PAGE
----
Cover image for The monk in the garden : the lost and found genius of Gregor Mendel, the father of genetics
The monk in the garden : the lost and found genius of Gregor Mendel, the father of genetics
Henig, Robin Marantz.
Personal Author:
Publication Information:
Boston : Houghton Mifflin, 2000.
Physical Description:
viii, 292 pages : illustrations ; 22 cm
General Note:
Includes index.
Personal Subject:

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QH31.M45 H464 2000 Adult Non-Fiction Central Closed Stacks
QH31.M45 H464 2000 Adult Non-Fiction Non-Fiction Area

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Most people know that Gregor Mendel, the Moravian monk who patiently grew his peas in a monastery garden, shaped our understanding of inheritance. But people might not know that Mendel's work was ignored in his own lifetime, even though it contained answers to the most pressing questions raised by Charles Darwin's revolutionary book, ON ORIGIN OF THE SPECIES, published only a few years earlier. Mendel's single chance of recognition failed utterly, and he died a lonely and disappointed man.Thirty-five years later, his work was rescued from obscurity in a single season, the spring of 1900, when three scientists from three different countries nearly simultaneously dusted off Mendel's groundbreaking paper and finally recognized its profound significance. The perplexing silence that greeted Mendel's discovery and his ultimate canonization as the father of genetics make up a tale of intrigue, jealousy, and a healthy dose of bad timing. Telling the story as it has never been told before, Robin Henig crafts a suspenseful, elegant, and richly detailed narrative that fully evokes Mendel's life and work and the fate of his ideas as they made their perilous way toward the light of day. THE MONK IN THE GARDEN is a literary tour de force about a little-known chapter in the history of science, and it brings us back to the birth of genetics - a field that continues to challenge the way we think about life itself.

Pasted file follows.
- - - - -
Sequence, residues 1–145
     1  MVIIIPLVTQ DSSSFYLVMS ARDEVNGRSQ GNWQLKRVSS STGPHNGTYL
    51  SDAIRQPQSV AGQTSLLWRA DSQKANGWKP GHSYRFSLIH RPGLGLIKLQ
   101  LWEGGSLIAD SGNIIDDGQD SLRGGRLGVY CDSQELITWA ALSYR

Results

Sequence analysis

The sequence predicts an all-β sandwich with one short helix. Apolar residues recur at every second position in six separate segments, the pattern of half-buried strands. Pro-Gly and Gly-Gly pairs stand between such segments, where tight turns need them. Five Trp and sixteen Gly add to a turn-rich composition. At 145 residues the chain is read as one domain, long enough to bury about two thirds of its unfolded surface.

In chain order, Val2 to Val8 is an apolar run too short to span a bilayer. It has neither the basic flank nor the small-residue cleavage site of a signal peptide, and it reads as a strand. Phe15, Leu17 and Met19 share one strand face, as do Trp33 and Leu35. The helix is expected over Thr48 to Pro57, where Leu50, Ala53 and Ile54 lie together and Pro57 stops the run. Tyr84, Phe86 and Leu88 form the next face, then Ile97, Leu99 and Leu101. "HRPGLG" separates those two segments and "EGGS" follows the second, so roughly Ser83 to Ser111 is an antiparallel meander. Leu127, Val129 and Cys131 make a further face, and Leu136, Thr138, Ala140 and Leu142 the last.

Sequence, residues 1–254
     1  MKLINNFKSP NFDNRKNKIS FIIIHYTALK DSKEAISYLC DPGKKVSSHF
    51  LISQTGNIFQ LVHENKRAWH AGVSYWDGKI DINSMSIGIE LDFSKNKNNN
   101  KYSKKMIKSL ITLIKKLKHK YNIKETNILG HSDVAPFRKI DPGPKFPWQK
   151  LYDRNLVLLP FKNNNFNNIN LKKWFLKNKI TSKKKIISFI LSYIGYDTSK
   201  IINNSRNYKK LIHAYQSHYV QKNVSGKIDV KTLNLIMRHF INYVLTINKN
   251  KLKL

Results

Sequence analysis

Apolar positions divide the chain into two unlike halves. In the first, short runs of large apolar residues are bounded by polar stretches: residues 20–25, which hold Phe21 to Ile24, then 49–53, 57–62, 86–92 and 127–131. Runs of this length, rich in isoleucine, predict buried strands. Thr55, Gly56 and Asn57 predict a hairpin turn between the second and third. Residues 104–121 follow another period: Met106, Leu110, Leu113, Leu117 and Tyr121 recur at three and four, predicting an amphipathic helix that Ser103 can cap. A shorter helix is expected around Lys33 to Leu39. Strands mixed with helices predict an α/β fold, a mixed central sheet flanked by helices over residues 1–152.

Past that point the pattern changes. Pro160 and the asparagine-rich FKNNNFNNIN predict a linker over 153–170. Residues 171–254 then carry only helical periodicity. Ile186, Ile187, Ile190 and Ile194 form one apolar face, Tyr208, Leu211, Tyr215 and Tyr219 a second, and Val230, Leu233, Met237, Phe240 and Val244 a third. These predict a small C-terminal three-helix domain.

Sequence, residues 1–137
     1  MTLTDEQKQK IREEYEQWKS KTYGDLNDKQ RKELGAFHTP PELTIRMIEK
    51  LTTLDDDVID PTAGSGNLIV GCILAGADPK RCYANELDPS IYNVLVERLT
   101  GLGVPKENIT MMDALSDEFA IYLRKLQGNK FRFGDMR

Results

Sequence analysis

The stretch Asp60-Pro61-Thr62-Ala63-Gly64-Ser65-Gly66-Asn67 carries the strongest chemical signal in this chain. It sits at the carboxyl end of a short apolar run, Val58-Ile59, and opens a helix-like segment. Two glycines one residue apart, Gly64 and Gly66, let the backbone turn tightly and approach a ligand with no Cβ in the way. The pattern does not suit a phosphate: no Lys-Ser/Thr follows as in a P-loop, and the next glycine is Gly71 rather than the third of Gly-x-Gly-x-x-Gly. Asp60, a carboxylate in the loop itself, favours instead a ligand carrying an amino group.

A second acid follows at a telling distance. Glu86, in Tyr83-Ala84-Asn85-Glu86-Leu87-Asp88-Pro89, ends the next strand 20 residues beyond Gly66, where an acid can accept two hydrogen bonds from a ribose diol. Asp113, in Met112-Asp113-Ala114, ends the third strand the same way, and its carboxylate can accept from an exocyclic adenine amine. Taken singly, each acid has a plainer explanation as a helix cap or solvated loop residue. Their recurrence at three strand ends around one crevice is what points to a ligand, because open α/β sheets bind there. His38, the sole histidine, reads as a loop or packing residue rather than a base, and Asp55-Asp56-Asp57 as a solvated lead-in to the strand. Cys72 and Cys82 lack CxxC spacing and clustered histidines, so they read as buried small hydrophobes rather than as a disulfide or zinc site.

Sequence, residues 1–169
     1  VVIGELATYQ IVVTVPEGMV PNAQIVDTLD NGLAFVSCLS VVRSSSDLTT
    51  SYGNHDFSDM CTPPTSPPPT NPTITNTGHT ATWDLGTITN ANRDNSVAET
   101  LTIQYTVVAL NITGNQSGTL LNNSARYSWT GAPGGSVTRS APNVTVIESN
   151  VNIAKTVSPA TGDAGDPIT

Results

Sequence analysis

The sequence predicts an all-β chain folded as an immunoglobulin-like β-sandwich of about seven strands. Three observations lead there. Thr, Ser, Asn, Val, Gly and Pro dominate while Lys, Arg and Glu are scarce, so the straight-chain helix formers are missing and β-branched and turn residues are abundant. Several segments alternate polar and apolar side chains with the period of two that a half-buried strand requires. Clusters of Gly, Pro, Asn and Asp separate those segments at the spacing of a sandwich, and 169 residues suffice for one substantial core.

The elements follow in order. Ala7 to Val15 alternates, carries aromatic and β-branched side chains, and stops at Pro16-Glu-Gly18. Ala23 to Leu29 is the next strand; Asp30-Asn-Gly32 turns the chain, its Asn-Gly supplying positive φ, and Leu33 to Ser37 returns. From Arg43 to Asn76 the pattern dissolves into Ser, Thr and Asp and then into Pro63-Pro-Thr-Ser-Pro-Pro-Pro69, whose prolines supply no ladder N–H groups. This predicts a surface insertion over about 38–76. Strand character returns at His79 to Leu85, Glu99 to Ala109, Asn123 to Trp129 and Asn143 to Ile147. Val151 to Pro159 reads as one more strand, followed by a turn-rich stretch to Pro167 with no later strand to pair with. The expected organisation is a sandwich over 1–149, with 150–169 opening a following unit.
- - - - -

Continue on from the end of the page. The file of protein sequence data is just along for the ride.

Author Notes